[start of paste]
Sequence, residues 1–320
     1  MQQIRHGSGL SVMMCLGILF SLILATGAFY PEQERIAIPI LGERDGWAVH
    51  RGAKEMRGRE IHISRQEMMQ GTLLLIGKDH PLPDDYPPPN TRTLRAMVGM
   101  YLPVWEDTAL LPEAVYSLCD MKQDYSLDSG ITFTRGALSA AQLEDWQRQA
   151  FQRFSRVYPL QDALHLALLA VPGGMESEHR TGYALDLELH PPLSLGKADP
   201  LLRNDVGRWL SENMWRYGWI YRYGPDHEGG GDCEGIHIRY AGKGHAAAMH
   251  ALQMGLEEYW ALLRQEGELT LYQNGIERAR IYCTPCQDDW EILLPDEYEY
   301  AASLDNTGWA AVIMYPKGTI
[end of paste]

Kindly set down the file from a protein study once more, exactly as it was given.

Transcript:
Sequence, residues 1–320
     1  MQQIRHGSGL SVMMCLGILF SLILATGAFY PEQERIAIPI LGERDGWAVH
    51  RGAKEMRGRE IHISRQEMMQ GTLLLIGKDH PLPDDYPPPN TRTLRAMVGM
   101  YLPVWEDTAL LPEAVYSLCD MKQDYSLDSG ITFTRGALSA AQLEDWQRQA
   151  FQRFSRVYPL QDALHLALLA VPGGMESEHR TGYALDLELH PPLSLGKADP
   201  LLRNDVGRWL SENMWRYGWI YRYGPDHEGG GDCEGIHIRY AGKGHAAAMH
   251  ALQMGLEEYW ALLRQEGELT LYQNGIERAR IYCTPCQDDW EILLPDEYEY
   301  AASLDNTGWA AVIMYPKGTI